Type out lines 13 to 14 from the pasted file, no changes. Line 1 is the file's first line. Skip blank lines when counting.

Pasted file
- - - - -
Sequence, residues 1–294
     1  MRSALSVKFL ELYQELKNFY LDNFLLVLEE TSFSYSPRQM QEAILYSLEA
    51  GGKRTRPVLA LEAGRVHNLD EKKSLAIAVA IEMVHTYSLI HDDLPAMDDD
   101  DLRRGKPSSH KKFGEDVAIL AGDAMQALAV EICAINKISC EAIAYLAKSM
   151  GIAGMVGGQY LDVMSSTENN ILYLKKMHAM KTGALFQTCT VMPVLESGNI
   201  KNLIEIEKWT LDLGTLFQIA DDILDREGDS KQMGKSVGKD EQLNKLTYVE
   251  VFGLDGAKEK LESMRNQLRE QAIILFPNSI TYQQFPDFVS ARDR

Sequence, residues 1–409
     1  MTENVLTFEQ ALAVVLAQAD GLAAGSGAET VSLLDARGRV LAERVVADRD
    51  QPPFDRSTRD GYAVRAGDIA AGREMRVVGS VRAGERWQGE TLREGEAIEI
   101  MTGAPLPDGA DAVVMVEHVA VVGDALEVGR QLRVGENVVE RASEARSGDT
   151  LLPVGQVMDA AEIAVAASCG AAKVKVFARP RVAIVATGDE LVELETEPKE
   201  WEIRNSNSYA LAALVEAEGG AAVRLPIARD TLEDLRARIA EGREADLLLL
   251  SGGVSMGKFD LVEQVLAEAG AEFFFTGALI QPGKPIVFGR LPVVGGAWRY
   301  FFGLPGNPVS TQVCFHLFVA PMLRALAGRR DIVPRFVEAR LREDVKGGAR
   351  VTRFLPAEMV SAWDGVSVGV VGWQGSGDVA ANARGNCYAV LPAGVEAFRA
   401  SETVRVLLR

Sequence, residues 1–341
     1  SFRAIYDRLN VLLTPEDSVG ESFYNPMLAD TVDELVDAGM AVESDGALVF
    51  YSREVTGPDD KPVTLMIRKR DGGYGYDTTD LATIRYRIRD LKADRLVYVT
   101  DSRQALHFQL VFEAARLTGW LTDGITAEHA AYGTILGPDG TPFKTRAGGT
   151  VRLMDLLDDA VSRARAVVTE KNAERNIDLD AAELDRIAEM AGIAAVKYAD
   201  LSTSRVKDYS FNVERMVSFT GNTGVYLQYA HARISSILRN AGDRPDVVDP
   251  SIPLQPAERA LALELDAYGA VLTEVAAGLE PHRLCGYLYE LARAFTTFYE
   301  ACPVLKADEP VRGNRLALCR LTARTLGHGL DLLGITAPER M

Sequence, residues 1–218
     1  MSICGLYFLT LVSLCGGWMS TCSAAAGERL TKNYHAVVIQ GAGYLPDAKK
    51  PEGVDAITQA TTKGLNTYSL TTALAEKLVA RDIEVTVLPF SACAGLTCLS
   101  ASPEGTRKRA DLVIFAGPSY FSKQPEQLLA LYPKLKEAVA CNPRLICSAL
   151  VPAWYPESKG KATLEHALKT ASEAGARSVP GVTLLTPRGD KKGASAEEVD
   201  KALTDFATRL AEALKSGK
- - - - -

   201  WEIRNSNSYA LAALVEAEGG AAVRLPIARD TLEDLRARIA EGREADLLLL
   251  SGGVSMGKFD LVEQVLAEAG AEFFFTGALI QPGKPIVFGR LPVVGGAWRY